After a long and busy Thursday day trip to Verona, it was only natural that our Friday in Venice would be a lighter and quieter day. So we had a relaxed leisurely morning, sleeping in and lolling around the apartment, followed by a late lunch and visits to two relatively small art museums in Venice, the Peggy Guggenheim Collection and Punta dell Dogana.
Our lunch was at Ristorante Diana, a return to this restaurant, and yes, I did order their Linguine alla Veneziana, aka al nero di seppia, with lots of black ink sauce. After having had this dish at a few other restaurants since the first time I ate it here, I can honestly say that Ristorante Diana makes this dish the best in Venice.
Our fairly relaxed lunch, which included chatting with a couple at a table next to us who were only visiting Venice for a few days, concluded with us beginning to feel a sense of urgency. If we wanted to get some sightseeing in that day, we better skedaddle before everything started closing down! So we walked to our Vaporetto stop, San Marcuola, and took it to the Accademia stop, and walked the few blocks to the Peggy Guggenheim Collection.
If you love art from the mid-twentieth century, as we do, then this art museum is for you. All the usual suspects are well-represented here – Jackson Pollock, Alexander Calder, Mark Rothko, etc. – and there were some new ones to discover, like Mirko and Germaine Richier. The cool thing is that, as an art collector who lived through the middle of the century, Ms. Guggenheim got to know many of these artists and was often a big supporter of their work as well as a patron.
To get to our next destination, we walked past the imposing and beautiful Church of Santa Maria della Salute, often called simply “Salute.” I would’ve liked to go inside and see more of the church, but since the afternoon was on the wane, I had to move on.
Punta della Dogana, along with its sister museum/gallery Palazzo Grassi, was hosting the massive Damien Hirst show called The Treasures from the Wreck of the Unbelievable. My nephew Neil had warned me that Hirst’s work can be galvanizing, as in some love it and some walk away from it grumbling and screaming. But he also said that whatever his reservations about Hirst, if he were in Venice, he would probably want to see the show. We were happy to give Mr. Hirst a chance.
The concept to the show is certainly equal parts ambition and whimsy. The idea is that a fictional shipwreck that took place in the first or second century A.D. has been dug up, and it contains a cross-section of art, much of it covered in barnacles and corral, from every culture and corner of the world that was known for making art at that time. So Mr. Hirst has created huge sculptures and made them look aged and sea corral encrusted.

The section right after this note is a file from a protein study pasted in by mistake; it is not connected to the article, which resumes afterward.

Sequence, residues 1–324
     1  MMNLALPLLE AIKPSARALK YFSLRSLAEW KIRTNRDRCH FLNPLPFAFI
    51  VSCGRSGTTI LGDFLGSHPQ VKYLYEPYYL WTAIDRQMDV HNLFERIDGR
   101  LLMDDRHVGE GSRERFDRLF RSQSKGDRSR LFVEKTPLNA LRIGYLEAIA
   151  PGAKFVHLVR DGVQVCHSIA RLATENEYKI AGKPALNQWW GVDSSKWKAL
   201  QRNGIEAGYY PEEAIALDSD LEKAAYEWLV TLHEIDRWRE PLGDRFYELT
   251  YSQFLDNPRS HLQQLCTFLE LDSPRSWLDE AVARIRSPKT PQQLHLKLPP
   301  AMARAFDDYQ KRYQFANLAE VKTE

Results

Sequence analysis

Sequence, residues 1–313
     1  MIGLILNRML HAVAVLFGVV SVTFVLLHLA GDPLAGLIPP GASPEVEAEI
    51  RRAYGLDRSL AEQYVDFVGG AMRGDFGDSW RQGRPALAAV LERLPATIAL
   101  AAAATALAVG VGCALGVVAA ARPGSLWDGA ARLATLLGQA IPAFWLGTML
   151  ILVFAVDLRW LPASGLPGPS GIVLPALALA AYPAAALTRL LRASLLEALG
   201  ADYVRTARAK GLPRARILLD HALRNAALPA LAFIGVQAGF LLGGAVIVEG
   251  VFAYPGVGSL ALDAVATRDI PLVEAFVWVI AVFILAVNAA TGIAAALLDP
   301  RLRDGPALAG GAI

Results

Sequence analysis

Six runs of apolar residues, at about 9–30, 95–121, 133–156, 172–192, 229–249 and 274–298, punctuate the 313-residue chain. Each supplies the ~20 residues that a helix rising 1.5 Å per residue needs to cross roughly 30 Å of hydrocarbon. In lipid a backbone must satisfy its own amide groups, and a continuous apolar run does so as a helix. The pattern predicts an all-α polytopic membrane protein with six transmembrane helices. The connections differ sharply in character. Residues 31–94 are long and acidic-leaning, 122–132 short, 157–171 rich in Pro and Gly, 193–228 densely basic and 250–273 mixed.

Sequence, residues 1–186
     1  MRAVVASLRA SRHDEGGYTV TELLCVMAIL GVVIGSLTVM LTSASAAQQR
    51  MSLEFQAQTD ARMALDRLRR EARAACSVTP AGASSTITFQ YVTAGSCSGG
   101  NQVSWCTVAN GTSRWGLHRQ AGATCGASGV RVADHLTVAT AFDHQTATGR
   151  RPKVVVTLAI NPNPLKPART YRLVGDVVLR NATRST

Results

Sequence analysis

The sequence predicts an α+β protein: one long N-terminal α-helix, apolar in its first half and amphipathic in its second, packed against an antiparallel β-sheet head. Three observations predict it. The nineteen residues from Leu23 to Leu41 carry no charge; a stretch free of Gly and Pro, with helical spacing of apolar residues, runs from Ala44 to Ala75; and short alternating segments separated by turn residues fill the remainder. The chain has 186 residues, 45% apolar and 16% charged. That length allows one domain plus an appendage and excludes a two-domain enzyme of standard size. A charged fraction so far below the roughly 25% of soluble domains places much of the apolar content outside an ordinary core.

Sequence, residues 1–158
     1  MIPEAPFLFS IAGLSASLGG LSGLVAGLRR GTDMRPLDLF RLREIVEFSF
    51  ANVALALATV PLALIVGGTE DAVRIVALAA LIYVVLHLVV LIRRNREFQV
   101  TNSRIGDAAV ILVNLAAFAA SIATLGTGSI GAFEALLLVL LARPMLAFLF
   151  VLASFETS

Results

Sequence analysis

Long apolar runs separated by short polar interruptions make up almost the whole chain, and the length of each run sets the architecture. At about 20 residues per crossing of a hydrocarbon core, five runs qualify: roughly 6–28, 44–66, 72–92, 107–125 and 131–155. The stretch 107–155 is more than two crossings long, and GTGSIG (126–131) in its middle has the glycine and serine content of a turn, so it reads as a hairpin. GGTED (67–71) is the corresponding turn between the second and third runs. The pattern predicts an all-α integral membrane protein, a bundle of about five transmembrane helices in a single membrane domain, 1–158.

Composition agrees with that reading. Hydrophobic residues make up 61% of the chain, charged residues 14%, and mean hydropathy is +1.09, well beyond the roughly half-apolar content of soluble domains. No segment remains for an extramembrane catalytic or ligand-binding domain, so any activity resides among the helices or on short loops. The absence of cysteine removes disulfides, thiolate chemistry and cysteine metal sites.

In addition, for most of the pieces, he has created a second sculpture, supposed to be an attempt to create a new piece based on the sunken treasure, but making whole what was broken and aged by the sea.
Since the show is split between two galleries, we only saw half of the show here at Punta Della Dogana, but we were impressed with what we saw. This space, with its many trapezoidal rooms on two levels fitting into a triangular building on the southern point of the Dorsoduro neighborhood, was used very well in placing the pieces from the show. There were places on the upper floor where you could turn from seeing several pieces in a room next to you to look over a railing and see a larger room below and its contents as well.
To supplement the works of art displayed before us, and continue the fictional pretense, periodically there were video monitors set into the walls displaying videos showing the works you see before you being rescued by divers from the ocean floor. Just as the works of art are executed with great precision (some too perfectly, in my opinion), these videos are high definition with lots of bright colors, very attractive.
The question, after seeing and enjoying the first half of the show here at Punta della Dogana, was whether we would also enjoy the second half two days hence at Palazzo Grassi – or whether it would be repetitive and boring. We would certainly find out!